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Mediators of Inflammation
Volume 2014, Article ID 570894, 11 pages
Research Article

Reduction of IL-17A Might Suppress the Th1 Response and Promote the Th2 Response by Boosting the Function of Treg Cells during Silica-Induced Inflammatory Response In Vitro

Division of Pneumoconiosis, School of Public Health, China Medical University, No. 92 North 2nd Road, Heping District, Shenyang, Liaoning 110001, China

Received 6 November 2013; Revised 30 December 2013; Accepted 3 January 2014; Published 16 February 2014

Academic Editor: Nina Ivanovska

Copyright © 2014 Wen Tang et al. This is an open access article distributed under the Creative Commons Attribution License, which permits unrestricted use, distribution, and reproduction in any medium, provided the original work is properly cited.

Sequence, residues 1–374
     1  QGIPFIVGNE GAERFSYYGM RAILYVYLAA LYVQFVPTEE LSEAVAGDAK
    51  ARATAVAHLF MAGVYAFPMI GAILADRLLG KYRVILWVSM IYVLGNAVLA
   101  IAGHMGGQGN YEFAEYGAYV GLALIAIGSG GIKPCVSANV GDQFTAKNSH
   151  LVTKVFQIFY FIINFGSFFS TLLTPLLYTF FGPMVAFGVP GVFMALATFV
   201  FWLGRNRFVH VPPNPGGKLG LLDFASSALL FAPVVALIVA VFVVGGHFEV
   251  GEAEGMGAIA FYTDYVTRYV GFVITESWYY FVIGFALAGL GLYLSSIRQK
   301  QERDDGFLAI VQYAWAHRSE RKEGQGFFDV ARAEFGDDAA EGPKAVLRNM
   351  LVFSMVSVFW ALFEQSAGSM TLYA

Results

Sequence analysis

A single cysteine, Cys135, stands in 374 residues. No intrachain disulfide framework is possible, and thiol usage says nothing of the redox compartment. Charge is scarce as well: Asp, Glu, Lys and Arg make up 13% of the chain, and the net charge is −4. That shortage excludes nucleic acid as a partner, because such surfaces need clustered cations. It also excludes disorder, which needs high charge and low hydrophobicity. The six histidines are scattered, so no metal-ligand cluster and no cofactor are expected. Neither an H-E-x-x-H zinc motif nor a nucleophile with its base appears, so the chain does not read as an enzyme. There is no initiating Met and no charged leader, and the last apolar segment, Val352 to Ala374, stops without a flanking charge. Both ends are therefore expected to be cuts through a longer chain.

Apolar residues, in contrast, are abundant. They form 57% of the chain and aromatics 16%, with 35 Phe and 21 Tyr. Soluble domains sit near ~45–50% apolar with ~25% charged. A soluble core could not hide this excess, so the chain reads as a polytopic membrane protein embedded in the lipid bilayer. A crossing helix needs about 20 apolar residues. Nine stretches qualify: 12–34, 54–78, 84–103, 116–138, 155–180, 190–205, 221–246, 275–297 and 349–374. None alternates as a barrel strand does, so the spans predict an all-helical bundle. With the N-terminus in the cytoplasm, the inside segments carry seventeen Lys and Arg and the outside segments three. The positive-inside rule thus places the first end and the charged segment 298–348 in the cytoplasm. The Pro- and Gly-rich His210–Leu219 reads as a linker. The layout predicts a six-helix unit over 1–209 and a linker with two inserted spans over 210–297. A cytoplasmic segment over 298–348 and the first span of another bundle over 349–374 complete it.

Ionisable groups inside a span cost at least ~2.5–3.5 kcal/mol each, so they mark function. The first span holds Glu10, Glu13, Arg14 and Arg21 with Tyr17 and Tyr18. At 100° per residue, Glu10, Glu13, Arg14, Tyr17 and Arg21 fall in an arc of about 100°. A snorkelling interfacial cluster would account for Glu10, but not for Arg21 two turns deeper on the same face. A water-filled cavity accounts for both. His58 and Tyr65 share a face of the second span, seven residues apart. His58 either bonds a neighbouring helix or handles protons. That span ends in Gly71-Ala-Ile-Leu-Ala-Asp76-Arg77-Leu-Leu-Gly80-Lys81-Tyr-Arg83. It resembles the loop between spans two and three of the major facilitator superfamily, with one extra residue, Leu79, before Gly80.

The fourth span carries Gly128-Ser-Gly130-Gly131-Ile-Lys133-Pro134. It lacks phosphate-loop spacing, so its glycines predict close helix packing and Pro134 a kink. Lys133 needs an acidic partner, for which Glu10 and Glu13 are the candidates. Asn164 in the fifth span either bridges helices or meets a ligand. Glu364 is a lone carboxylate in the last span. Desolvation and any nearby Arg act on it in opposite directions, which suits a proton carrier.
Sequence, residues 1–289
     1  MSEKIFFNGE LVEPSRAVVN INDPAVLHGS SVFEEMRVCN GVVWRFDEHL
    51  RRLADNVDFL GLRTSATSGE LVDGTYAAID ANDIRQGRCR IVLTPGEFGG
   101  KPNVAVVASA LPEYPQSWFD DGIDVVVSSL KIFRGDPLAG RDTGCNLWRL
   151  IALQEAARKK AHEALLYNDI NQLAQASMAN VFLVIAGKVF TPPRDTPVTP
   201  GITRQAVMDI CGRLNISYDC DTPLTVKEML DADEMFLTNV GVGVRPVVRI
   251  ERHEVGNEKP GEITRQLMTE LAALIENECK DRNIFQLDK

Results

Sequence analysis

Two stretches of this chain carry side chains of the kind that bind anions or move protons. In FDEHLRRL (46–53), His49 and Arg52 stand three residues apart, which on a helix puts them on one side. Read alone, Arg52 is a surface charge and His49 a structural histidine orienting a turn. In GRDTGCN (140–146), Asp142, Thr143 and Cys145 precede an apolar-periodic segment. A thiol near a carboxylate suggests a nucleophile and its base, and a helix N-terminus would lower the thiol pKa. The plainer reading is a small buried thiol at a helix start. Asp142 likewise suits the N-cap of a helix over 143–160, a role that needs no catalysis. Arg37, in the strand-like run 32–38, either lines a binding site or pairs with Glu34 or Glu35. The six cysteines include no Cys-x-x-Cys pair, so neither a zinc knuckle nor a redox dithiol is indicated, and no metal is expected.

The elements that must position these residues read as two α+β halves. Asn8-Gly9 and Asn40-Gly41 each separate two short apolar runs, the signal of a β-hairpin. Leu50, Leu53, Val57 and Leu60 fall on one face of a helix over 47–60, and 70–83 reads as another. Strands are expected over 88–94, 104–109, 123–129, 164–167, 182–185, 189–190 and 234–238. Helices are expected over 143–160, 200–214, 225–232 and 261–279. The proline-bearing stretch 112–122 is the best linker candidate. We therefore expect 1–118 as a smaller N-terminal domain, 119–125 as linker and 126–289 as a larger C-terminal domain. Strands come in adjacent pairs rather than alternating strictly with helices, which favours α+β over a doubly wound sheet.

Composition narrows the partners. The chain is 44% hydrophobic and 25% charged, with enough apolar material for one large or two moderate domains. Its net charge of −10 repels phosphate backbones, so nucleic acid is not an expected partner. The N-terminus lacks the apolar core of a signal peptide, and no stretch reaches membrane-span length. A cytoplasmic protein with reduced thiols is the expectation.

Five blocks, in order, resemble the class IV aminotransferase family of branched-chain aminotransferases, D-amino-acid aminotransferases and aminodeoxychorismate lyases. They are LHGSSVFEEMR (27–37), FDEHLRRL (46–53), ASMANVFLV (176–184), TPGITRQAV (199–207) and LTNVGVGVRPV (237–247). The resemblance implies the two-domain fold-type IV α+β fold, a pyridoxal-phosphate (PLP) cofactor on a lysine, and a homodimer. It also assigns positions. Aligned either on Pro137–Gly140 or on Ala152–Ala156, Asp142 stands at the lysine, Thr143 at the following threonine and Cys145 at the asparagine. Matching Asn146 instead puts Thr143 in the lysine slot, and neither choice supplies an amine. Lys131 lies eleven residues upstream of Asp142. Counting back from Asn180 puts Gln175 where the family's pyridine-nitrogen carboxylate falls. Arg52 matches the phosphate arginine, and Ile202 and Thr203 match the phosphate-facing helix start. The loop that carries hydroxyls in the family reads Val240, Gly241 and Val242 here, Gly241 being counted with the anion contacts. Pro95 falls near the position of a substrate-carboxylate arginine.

Silica inhalation can induce chronic lung inflammation and fibrosis. Upon silica stimulation, activated macrophages trigger the T-lymphocyte which can differentiate into many different types of Th cells, including the recently discovered Th17 cells. IL-17A, the typical Th17 cytokine, is reported in some inflammatory diseases. However, the role of IL-17A in silica-induced inflammatory response is still not clear. The regulatory mechanism of silica-induced Th17 response also needs to be investigated. So we established a mice primary cell coculture system (macrophage and lymphocyte) to investigate the role of IL-17A in silica-induced inflammatory response in vitro, by using anti-IL-17A mAb and IL-1Ra. Both anti-IL-17A mAb and IL-1Ra decreased the level of IL-17A and increased the function of Treg cells. The Th1 response was suppressed and the Th2 response was promoted by the addition of anti-IL-17A mAb or IL-1Ra. IL-1Ra treatment decreased the level of IL-6, whereas the levels of IL-23 and ROR-γt were increased. Our study demonstrated that IL-17A reduction altered the pattern of silica-induced Th responses by boosting the function of Treg cells in vitro. Blocking the function of IL-1 signal pathway could suppress the level of IL-17A, which played the major role in modulating silica-induced Th responses in vitro.